Google Sheets Explore: A work in progress

I take Google Sheets' new natural-language queries for a test drive.

Google Sheets Explore
Screenshot by Sharon Machlis of Google software

Spreadsheet software that will understand natural-language questions about your data is certainly a cool concept. Microsoft Power BI's cloud service -- its analytics platform, not Excel -- has offered this capability for a while, but having it percolate down to spreadsheets will put it before many more potential users.

I've been taking Google Sheets Explore for a test drive this afternoon. First thoughts? It's got a lot of potential, but at the moment I'd caution you not to depend on it to understand exactly what you mean in the same way that, say, Google search can sometimes figure out what you want even if you've misspelled a word.

Here's why. One of the sample problems Google uses in its blog post about Explore is "what are the top three items by sales price?" That's a pretty clear question and a fairly simple response: Return the three items with the largest sales price.

But what if your spreadsheet has catgories as well, and you want the three priciest items in each category? I tried to find out something similar, using a spreadsheet with a month's worth of commercial airline flights arriving in Boston. When I typed in a question asking for the top three delays by airline, I got the three most-delayed flights altogether (along with which airline was responsible for each). Typing "What were the top three ARR_DELAY grouped by Airline" didn't work. Neither did "What were the top three ARR_DELAY for each Airline?"

When I asked "What was the Mean ARR_DELAY by Airline" I received the appropriate response. "Average ARR_DELAY" worked as well. However, "What was the Median ARR_DELAY by Airline" returned the median for all flights. That's curiously inconsistent behavior, especially since Google Sheets pivot tables can calculate medians by group. For those who were hoping Explore would be a simple way to type out natural-language instructions whenever you want a pivot table, the platform isn't quite there, at least yet.

Next up: Counts by group. "What is the COUNT of each Airline" gave me just the total number of rows in my spreadsheet. So did "What is the count by Airline" If I typed in "Airline," I got a list of unique Airlines in the data.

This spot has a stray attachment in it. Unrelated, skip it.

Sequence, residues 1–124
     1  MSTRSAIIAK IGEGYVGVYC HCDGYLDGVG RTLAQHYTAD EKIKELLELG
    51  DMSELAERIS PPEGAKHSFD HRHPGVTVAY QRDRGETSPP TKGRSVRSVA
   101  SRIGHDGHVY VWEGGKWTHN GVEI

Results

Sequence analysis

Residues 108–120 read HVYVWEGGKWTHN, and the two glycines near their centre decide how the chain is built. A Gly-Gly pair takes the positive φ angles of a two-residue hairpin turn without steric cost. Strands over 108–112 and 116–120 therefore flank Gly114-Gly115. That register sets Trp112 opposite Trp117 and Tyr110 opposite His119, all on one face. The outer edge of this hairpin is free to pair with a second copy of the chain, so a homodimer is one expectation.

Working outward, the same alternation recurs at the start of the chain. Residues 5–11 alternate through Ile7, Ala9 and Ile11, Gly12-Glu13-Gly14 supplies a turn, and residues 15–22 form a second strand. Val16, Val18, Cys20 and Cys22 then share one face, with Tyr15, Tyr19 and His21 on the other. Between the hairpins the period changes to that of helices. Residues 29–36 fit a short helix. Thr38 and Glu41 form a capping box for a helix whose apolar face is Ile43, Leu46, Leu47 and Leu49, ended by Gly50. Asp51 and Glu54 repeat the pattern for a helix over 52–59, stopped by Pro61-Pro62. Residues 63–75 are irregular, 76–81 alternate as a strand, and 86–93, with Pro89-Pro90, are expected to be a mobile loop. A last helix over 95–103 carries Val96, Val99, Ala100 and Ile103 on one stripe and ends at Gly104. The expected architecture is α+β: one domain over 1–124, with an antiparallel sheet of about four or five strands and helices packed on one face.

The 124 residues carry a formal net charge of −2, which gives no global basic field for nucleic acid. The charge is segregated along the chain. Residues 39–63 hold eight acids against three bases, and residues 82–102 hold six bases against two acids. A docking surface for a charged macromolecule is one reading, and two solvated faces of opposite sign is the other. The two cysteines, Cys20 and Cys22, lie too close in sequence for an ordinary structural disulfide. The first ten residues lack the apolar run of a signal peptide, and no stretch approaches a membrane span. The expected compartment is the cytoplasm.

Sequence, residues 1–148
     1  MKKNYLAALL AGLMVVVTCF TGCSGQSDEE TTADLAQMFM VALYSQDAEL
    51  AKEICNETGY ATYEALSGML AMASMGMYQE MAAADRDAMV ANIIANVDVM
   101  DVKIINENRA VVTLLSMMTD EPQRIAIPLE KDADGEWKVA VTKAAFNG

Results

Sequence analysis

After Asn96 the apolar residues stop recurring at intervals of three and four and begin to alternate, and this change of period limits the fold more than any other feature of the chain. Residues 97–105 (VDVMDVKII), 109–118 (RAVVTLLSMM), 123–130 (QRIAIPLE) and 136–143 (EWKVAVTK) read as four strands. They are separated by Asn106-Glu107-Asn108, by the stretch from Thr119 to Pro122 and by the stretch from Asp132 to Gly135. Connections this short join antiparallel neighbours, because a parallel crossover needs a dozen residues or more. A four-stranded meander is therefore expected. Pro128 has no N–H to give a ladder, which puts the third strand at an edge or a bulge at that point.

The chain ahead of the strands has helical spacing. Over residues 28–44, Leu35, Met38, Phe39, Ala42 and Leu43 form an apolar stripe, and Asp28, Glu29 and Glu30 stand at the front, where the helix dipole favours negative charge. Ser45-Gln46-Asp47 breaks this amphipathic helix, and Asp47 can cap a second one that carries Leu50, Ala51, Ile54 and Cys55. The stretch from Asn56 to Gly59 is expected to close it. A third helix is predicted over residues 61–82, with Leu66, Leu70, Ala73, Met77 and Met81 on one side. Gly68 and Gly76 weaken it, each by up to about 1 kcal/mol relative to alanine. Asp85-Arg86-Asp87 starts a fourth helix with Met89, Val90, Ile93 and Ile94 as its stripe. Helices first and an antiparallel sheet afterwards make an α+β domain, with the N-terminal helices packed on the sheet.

Was this an impossible request? No, it turns out that "Distribution of Airline" is the correct phrase to get a count grouped by Airline. ("Airline Distribution," however, couldn't be understood.) "Count of [some other column] by Airline" also ended up giving me a count of records for each Airline.

I'll be the first to admit that "Distribution of [variable of my choice]" is a lot easier to remember than creating a new pivot table. But if Explore is truly designed to be "natural language" as opposed to a simplified SQL requiring specific syntax, it needs some better understanding.

To be fair, Power BI has similar problems understanding my queries, although it sometimes seems to provide a bit more guidance while developing questions. Being a BI tool, it has some other advantages, such as natural-language requests for visualizations -- you can ask it to generate a graph of your results. Google Sheets Explore offers some automated visualizations of your data, and you can easily add those to your spreadsheet with a single click. But as far as I can tell, if a visualization isn't generated in Explore automatically, there isn't a way to ask it to make you one.

But back to Explore's natural-language capabilities. One of the best tips for using this new functionality is to look carefully at the Answer text which displays just under your question and above your results. It will tell you how it interpreted your question, such as "Average of DEP_DELAY by Airline" if you asked it "What is the mean of DEP_DELAY by airline?" That's probably the best way to ensure what you've requested is also what Sheets has understood.

Copyright © 2016 IDG Communications, Inc.

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